Navigating the road to
success in Catholic schools

This is the cover of the book "A Vision of Hope: Catholic Schooling in Massachusetts," edited by Chris Sinacola and Cara Stillings Candal. The book is reviewed by Allan F. Wright. (CNS photo/courtesy Pioneer Institute)

“A Vision of Hope: Catholic Schooling in Massachusetts,” edited by Chris Sinacola and Cara Stillings Candal. Pioneer Institute (Boston, 2021). 190 pp., $12.95.

Drawing from the influence and writings of St. John Paul II, editors Chris Sinacola and Cara Stillings Candal describe opportunities and challenges of attaining the goal of a vibrant Catholic education for students in Massachusetts.

According to their research, “Catholic schools in Massachusetts must focus on the characteristics that make them academically successful and distinguish them from traditional public schools but must also seek new models and governance structures that will help them achieve financial sustainability.”

Catholic schools have changed drastically since the 1960s due to the declining number of Catholics in urban areas, a dramatically decreased number of women religious who had done the bulk of the teaching at little cost to the diocese and the subsequent challenges of paying lay faculty members a just wage.

Statistically, a Catholic-school-educated child does better across the board than the public-school student, which is reason to hope that the Catholic school model provides long-term benefit to the student, family and by extension the surrounding community.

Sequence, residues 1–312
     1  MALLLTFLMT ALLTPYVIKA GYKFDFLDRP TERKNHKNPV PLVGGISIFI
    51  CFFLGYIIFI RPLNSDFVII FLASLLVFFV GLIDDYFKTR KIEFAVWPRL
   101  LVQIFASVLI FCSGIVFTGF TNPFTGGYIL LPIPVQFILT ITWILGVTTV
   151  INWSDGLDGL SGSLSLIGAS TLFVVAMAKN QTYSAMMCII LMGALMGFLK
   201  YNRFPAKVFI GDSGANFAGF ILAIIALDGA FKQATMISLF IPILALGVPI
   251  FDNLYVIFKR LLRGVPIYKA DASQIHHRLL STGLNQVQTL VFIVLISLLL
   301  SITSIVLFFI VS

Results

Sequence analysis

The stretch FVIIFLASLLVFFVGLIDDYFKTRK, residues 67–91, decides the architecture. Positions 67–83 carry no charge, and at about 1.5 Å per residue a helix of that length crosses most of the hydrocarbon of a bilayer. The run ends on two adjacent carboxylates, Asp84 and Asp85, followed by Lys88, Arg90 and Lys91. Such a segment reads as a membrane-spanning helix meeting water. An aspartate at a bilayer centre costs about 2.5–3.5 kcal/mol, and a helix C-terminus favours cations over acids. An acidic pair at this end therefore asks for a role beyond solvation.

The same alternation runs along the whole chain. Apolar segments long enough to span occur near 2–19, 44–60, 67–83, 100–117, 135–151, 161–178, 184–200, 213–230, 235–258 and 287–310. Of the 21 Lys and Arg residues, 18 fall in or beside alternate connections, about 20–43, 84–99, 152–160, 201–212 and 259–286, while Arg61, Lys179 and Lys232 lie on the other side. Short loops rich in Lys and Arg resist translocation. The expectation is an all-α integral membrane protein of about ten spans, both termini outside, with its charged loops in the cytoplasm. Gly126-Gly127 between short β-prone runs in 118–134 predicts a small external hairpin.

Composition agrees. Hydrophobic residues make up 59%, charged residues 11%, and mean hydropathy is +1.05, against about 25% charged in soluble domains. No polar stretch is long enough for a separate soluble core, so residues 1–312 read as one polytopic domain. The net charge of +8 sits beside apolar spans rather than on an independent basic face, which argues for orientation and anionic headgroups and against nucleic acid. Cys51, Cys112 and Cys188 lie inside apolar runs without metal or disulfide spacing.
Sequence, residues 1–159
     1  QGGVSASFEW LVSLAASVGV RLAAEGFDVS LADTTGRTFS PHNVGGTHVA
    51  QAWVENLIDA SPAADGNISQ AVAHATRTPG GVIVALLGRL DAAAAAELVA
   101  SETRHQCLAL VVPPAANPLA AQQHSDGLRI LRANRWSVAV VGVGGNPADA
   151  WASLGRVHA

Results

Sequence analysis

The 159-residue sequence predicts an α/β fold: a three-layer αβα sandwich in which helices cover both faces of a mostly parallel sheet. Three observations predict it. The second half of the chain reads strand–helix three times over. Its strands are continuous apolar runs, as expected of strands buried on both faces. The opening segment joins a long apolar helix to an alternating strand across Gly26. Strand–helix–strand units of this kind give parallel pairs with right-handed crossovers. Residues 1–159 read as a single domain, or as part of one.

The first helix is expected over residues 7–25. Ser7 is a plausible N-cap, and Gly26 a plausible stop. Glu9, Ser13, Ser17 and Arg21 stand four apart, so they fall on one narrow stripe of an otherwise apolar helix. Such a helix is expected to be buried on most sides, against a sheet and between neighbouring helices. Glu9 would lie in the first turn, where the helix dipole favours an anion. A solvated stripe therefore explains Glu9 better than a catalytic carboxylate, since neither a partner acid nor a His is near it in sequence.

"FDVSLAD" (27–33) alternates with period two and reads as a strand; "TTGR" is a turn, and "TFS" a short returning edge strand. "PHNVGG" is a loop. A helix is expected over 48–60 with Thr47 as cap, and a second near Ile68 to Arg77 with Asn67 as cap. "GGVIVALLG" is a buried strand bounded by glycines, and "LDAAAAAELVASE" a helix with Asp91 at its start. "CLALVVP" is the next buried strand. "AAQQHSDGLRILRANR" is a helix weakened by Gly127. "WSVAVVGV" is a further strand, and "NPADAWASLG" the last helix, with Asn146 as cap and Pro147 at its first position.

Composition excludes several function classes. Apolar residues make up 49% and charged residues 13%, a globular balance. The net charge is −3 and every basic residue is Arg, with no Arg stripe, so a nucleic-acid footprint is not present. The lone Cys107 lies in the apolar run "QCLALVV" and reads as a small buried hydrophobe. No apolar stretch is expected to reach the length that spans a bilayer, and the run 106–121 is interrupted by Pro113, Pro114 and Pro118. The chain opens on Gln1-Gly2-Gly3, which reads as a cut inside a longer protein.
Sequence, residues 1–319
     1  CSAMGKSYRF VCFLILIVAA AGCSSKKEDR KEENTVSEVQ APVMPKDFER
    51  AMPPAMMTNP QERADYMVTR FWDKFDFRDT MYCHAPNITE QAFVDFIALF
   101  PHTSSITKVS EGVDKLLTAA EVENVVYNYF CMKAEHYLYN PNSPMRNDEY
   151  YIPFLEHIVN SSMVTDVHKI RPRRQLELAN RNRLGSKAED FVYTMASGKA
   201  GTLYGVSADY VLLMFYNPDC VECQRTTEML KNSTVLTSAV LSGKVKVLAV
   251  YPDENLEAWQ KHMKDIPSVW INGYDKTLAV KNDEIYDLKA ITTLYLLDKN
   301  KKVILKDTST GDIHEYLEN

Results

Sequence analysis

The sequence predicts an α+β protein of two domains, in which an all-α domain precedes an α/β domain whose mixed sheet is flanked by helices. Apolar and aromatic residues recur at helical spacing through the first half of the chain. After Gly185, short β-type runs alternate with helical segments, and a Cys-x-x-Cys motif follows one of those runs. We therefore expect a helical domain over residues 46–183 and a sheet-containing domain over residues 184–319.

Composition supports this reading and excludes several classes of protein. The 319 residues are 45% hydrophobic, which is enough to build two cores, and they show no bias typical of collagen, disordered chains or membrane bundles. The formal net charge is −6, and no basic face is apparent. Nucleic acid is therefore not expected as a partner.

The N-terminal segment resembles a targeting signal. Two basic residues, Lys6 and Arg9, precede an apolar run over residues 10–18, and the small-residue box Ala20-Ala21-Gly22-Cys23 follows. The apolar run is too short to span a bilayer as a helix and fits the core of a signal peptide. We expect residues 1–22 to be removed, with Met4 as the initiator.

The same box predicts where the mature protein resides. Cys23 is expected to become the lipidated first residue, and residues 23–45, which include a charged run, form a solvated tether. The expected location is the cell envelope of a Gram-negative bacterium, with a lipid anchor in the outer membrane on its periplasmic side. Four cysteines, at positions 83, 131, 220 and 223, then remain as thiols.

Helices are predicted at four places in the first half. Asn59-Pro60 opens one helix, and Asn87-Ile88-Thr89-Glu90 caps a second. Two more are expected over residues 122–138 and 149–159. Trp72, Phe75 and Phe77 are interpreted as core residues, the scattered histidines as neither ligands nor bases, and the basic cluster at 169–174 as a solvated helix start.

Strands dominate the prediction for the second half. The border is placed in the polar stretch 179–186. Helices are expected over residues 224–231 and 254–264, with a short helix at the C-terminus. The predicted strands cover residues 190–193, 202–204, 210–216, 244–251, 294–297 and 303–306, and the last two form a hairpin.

The issue of public support is always a question when considering the value of Catholic schools in any area. Catholic school parents pay tuition as well as taxes to support schools their children do not attend, saving state and local taxpayers hundreds of millions of dollars a year.

The political arena in which advocates seek justice for parents and children who desire a Catholic education is always contentious, despite the success of the Catholic school model. Powerful public school unions and lobbyists are always a force to be reckoned with and those who advocate for Catholic schools have had limited success.

Considering this contention, the book examines the Cristo Rey Catholic school model which began in Chicago in the early 1990s. Founded by the Jesuits, Cristo Rey schools sought corporate sponsorship for student tuition and offered work-study programs. The feedback was that the model made the students feel like adults. “They are treated like an adult. They feel like they’re part of something and they’re taken into account.”

This model, with all its successes, high graduation rates and students receiving college scholarships, received a cold reception from existing Catholic schools because they often drew enrollment from those schools.

The reader will be well versed in the various models of Catholic education and immersed in the issues that prevent federal spending of special education funding for private schools, as well as the unique character of urban areas in Massachusetts which present distinctive challenges to Catholic education.

This book is recommended for those who seek the recent history of Catholic schools in Massachusetts and the models of delivering a Catholic education and ways to navigate the political landscape in order to succeed.

Wright is principal of Koinonia Academy in Plainfield, New Jersey.

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